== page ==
Apply this same reasoning to all the other major corporations in America, especially those in disreputable areas such as gambling, alcohol, tobacco, firearms, pornography, and industrial pollution. Political liberals should take careful note.

So should conservatives. Most of America’s largest charitable foundations—Ford, MacArthur, Packard, Gates—are heavily dominated by liberals, whose views on social issues are especially troubling to the Right. Since these organizations have combined liquid assets in the hundreds of billions of dollars and are explicitly charged with freely spending that money to promote the policies they advocate, they have long been a source of great fear to under-funded conservatives, whose own foundations are negligible in size by comparison.

Suppose that the Ford Foundation suddenly discovered that it was free to write a small check of $100 million or $200 million to fund political campaigns aimed at enacting sweeping gun control laws in states and cities North to South, and the MacArthur Foundation decided to spend a similar sum to legalize gay marriage throughout the country?

Given this plausible scenario, I would expect Tom Delay may soon start *sounding* like Ralph Nader on campaign finance issues.
Furthermore, 501(c)3s are not only tax-deductible and completely anonymous, but have absolutely no restrictions on the sources of their funds. Forget those typical bogeymen of the Left and Right—corporations and unions—and consider foreign governments, including potentially hostile foreign governments?

If this bizarre administrative decision by the IRS regarding The Shefa Fund had become widely known some time ago, perhaps by this point in the election cycle we would have seen Republican candidates throughout America buried under an avalanche of harshly negative television issue advertising focusing on social security and abortion rights, but entirely funded by one or more innocuously named 501(c)3s that had received their $500 million advertising budget via direct wire transfer from Baghdad, or perhaps routed through Switzerland or the Cayman Islands.

501(c)3s are under absolutely no legal requirement to disclose the names of their donors, and generally don’t even have to file any reports at all more than once a year. By that time, the election involved in long over.

I suspect that the world—and certainly Congress—may soon become very familiar with the name of the highly-innovative Shefa Fund of Philadelphia.

Campaign finance regulations share with accounting regulations the important distinction of being among the least interesting and most important rules in our society. The regulatory issues raised by this small story buried on the inside pages of the local news section are similar to those obscure matters of revenue and expense recognition that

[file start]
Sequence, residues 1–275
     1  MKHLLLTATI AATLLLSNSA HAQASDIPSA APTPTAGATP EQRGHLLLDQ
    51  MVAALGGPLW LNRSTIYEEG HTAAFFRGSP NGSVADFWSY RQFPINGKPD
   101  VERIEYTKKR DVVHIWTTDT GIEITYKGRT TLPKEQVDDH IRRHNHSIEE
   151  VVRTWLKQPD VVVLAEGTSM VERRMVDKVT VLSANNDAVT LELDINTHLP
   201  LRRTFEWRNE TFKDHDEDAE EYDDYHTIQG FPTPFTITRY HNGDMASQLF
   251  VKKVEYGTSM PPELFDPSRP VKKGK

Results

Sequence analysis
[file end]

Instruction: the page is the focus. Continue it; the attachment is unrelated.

over the last couple of years have cost American investors some seven trillion dollars of their savings and may even now be propelling our country into a deep, deep recession.

Perhaps journalist will pay greater attention when one small $100,000 check from one small leftwing organization has become a flood of tens or hundreds of millions of similar dollars during the next election cycle.


On more mundane matters, several pieces in yesterday and today’s editions of the major Boston papers dealt with the potential impact of the “English” initiative on the close Gubernatorial race between Republican Mitt Romney and Democrat Shannon O’Brien. As articles and editorials both note, their conflicting views on that measure actually constituted the only real point of substantive policy disagreement during their first official debate

If so, then Democrats should be quite worried. Another article in yesterday’s Boston Globe
described how a local group of working-class Democrats—the perceived base of the state party—were surprisingly divided between the two candidates. Furthermore, even the local Democrat who remained most loyal to his party’s candidate actually agreed with her Republican opponent on the question of “English.”

This anecdotal data merely confirms the enormously strongly and bipartisan support that “English” has consistently registered in Massachusetts surveys, both my own and those of major media organizations.

By some measures, Massachusetts is the most liberal Democratic state in America. Opportunistic politicians everywhere will surely take careful note of the election results this November, both regarding our “English” initiative and the major candidates who share its ballot.